Energy & Environment

Support for KMUW's energy and environment coverage comes from ITC Great Plains and the Corporation for Public Broadcasting.

John Monteverdi via National Weather Service website

WICHITA, Kansas — Tornadoes aren’t forming at the same pace as usual this year, creating one of Kansas’ quietest storm seasons in recent memory.

Brian Grimmett / Kansas News Service

WICHITA, Kansas — Fearing what the coronavirus might do to the power industry, six electric cooperatives in Kansas applied and received up to $20 million total in loans as part of the federal Paycheck Protection Program.

“It looked pretty bleak,” said Doug Jackson, the general manager of Rolling Hills Electric Coop based in Beloit. It received $1.19 million to help sustain 42 full-time employees.

Brian Grimmett / Kansas News Service

WICHITA, Kansas — At the beginning of the year, independent consulting firm London Economics released a study of Kansas electric rates — how they’re developed, why they’re more expensive than neighboring states and some suggestions on how to change that.

Legislators seemed poised to act on some of the recommendations until the coronavirus struck and shortened their session by several weeks. Some consumer and environmental advocates say the abrupt stop cut the time and energy given to critical policy aimed at reducing your utility bills.

Nadya Faulx

Kansas business groups have mobilized to snuff out a budding movement among a few cities to ban single-use plastic bags and straws, frustrating environmentalists who can't get the Republican-controlled Legislature to tackle climate issues.

Kansas Geological Survey

WICHITA, Kansas — On Aug. 16, the second day of the school year, students in the Burrton district felt the shake of a 4.2 magnitude earthquake. They knew exactly what to do: hide under their desks until it stopped.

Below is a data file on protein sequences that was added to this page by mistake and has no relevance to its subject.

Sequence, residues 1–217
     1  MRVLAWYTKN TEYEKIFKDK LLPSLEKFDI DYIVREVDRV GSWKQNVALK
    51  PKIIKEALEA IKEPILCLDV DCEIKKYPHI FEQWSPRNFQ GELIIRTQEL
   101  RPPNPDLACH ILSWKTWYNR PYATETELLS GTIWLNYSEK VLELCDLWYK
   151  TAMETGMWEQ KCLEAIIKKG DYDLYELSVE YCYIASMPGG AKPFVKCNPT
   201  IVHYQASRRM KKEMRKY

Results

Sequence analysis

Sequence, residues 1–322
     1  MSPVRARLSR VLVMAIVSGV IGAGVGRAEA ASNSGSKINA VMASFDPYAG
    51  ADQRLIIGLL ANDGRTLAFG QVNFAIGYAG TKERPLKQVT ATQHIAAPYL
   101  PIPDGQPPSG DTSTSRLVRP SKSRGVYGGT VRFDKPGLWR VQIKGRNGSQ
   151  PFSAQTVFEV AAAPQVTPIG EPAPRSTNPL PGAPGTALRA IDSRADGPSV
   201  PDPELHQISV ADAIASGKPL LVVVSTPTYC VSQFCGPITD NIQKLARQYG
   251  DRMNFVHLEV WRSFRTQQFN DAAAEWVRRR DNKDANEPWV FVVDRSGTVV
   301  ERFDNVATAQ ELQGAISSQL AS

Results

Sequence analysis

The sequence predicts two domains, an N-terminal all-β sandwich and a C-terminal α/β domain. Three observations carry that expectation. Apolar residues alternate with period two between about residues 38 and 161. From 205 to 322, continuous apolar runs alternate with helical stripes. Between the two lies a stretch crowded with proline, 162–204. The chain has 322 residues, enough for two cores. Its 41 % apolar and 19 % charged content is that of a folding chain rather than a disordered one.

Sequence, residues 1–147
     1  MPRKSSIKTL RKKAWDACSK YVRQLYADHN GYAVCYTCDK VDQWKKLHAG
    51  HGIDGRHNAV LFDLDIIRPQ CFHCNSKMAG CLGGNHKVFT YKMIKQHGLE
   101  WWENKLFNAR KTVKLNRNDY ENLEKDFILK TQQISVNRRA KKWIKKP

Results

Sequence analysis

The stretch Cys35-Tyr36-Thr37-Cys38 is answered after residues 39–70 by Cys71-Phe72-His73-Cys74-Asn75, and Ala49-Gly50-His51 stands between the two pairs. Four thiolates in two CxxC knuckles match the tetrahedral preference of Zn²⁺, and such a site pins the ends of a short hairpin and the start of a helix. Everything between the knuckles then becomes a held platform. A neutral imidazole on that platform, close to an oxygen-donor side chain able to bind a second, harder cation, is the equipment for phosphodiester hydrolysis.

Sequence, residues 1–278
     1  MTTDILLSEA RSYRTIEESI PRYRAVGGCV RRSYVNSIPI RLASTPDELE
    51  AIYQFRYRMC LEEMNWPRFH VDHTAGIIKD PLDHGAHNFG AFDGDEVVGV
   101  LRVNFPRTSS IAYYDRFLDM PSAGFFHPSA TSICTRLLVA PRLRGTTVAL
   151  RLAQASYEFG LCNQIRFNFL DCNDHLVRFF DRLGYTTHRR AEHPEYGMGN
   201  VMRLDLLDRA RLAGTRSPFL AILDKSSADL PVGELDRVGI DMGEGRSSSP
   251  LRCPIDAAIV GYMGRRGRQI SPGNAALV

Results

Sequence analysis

Brian Grimmett / Kansas News Service

WICHITA, Kansas — As global carbon dioxide emissions break records, Kansas is headed in the opposite direction — reducing emissions for 10 straight years.

Kansas’ decline is largely due to the rapid adoption of wind energy and a slow move away from coal powered electricity. That is to say: Kansas produces less carbon dioxide, or CO2, the powerful greenhouse gas that’s released into the atmosphere when we burn fossil fuels and is a major driver of climate change.

Lisa Dusseault / Flickr

The Sedgwick County Environmental Services Department is turning Christmas trees into mulch until Jan. 23 as part of its annual Christmas tree recycling program.

Department officials say the program helps lessen the flood of old Christmas trees to Wichita landfills.

The program also provides another use for the trees: People who drop off their trees for recycling at one of 22 locations in the county are able to get free mulch in return.

Officials remind people to remove all ornaments and lights before dropping off their tree for disposal.

Nadya Faulx / KMUW

Electric buses will soon be on Wichita’s streets.

Brian Grimmett / Kansas News Service

ST. JOHN, Kansas — Water — who gets to use it, when and how — sparks fights all over the world.

The latest battleground is in south-central Kansas, near the federally operated Quivira National Wildlife Refuge.

In its simplest form, it’s a clash between the refuge, which isn’t getting its legal share of water, and the local farmers who may be forced to cut back on how much water they use on their crops.

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